You see, when I pray, I don’t ask God to fill my wish list. I pray for guidance. More specifically I ask that God make it indisputably clear the direction that I’m supposed to go in life. This to me is the slammed door. Subtlety will not work. If I’m pursuing something and it’s not going well, I second-guess myself as to whether I’m being unreasonable or my expectations are too high. Sometimes I tell myself, as was the case in the hospital, that I’m too tired or overwhelmed to change course. But invariably the door slams when something outrageous or highly unlikely or definitive happens that forces me to take a new path. Without fail, over the past 25+ years that I’ve been living with the door slamming theory, the new path has always been the better one.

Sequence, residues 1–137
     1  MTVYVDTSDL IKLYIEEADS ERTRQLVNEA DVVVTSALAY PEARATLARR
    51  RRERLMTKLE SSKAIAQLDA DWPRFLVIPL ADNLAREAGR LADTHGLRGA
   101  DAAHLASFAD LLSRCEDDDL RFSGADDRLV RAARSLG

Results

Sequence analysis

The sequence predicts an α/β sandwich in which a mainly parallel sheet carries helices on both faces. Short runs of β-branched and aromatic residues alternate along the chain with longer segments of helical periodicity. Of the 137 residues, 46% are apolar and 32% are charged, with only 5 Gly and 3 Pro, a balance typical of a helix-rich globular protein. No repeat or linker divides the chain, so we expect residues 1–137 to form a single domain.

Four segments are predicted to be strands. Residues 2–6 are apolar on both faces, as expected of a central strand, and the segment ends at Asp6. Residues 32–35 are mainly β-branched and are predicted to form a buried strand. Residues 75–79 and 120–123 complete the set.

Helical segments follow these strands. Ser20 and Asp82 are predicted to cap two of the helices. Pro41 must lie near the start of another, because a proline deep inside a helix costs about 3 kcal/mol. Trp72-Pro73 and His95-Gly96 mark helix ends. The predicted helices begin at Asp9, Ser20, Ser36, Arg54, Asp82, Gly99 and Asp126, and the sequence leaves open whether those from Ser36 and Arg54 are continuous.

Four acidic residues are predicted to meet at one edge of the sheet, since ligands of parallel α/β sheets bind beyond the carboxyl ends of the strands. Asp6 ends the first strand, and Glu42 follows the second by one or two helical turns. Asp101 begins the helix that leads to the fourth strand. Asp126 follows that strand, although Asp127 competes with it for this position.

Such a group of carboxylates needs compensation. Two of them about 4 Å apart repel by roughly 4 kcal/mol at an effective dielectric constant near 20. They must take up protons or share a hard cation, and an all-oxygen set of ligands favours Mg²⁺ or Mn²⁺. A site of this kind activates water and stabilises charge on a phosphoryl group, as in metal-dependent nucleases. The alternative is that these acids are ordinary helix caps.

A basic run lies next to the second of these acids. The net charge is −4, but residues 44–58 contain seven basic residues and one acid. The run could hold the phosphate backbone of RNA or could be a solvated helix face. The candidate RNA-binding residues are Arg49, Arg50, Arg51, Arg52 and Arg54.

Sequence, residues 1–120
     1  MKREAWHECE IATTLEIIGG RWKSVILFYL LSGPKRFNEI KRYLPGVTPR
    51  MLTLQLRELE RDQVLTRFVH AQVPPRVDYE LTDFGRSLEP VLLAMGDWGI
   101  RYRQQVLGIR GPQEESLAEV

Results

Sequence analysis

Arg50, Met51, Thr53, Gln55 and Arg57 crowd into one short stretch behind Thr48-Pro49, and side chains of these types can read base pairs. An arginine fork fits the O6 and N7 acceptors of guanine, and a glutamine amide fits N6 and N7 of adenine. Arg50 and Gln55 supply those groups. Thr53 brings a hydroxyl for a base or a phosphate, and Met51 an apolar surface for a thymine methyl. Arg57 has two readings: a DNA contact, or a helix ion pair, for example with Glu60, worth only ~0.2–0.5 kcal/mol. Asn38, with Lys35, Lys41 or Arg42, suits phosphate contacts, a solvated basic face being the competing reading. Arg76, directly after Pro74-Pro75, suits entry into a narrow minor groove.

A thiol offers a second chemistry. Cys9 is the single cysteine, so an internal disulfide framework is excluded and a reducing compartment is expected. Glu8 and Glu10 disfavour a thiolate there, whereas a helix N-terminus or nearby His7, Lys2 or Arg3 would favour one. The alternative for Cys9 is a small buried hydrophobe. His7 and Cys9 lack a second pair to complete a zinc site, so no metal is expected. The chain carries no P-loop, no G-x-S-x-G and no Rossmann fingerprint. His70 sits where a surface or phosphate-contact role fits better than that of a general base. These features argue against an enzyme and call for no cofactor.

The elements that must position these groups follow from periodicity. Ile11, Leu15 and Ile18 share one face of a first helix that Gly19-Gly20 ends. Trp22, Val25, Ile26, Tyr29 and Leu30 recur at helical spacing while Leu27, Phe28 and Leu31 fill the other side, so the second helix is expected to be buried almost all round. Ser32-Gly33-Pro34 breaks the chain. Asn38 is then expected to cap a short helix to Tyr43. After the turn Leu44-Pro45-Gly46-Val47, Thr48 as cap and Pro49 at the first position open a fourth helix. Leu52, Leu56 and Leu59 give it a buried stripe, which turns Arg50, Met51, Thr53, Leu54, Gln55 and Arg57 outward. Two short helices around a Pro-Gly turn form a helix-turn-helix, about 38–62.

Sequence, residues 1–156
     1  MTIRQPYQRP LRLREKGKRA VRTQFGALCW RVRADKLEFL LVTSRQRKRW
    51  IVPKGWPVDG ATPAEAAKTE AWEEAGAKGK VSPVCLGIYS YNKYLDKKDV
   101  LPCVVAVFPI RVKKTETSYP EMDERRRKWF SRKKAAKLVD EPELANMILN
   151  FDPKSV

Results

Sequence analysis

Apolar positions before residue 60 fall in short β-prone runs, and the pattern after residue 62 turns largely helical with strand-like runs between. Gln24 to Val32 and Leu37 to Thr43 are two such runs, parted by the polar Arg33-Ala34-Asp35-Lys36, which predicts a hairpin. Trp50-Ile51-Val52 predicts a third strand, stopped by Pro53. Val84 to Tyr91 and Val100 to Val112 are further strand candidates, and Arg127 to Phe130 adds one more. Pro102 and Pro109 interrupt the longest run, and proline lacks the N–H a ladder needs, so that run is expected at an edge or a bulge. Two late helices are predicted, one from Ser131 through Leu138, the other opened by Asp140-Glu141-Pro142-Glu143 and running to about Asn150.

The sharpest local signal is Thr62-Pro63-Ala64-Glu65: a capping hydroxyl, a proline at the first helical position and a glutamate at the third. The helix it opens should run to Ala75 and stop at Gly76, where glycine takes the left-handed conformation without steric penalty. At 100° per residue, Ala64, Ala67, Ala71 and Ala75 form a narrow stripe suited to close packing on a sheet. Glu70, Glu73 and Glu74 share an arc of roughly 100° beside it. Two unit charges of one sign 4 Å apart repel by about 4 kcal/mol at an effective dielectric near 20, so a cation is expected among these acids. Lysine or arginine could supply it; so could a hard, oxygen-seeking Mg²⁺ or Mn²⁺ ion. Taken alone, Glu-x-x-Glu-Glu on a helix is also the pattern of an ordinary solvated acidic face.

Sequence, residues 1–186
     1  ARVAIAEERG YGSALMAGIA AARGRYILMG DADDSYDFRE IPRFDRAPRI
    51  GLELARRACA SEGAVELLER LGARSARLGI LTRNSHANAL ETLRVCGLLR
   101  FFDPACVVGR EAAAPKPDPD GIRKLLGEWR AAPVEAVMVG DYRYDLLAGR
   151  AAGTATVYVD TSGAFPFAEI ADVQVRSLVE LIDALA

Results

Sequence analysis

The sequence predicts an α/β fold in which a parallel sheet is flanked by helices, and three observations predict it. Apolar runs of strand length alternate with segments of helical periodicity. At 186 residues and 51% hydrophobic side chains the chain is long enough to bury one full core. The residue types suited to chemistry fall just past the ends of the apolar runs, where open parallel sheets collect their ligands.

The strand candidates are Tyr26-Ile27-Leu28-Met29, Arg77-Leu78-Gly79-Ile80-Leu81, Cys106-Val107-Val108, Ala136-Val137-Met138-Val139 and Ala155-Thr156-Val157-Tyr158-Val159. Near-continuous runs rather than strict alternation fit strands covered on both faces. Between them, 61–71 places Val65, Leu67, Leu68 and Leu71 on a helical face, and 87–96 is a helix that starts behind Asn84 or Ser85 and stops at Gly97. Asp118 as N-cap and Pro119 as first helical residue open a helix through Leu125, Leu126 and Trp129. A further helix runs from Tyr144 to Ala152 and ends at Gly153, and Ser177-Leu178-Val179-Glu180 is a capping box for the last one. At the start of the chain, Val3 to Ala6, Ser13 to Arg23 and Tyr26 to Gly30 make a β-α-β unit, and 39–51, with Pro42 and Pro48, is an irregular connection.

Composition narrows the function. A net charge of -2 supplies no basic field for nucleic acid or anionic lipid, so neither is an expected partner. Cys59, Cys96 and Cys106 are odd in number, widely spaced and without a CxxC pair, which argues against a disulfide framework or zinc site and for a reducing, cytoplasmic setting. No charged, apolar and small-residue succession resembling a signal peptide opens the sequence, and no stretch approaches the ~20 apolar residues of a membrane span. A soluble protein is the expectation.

A perfect example was in graduate school. I was admitted to University of Virginia and Harvard for graduate school. Both schools were considered as the top programs in my field. However, there was a well-established semester in Italy program run by the University of Virginia that lured me to UVa. The only semester in which I was eligible for it, however, became the first time in 27 years that they temporarily suspended the program. I had begun taking Italian and had organized my entire graduate school experience around that program. I was beside myself with disappointment. The door slammed. It wasn’t meant to be. Instead I pursued an independent thesis that resulted in my winning a prestigious design prize and later meeting my husband.
Over the years, I have learned to spot the slamming doors and to give thanks for them. Whether it’s being unable to have a pregnancy or realizing that a business partner is highly dysfunctional and we need to walk away, I appreciate the clear direction that I’m not on the right path.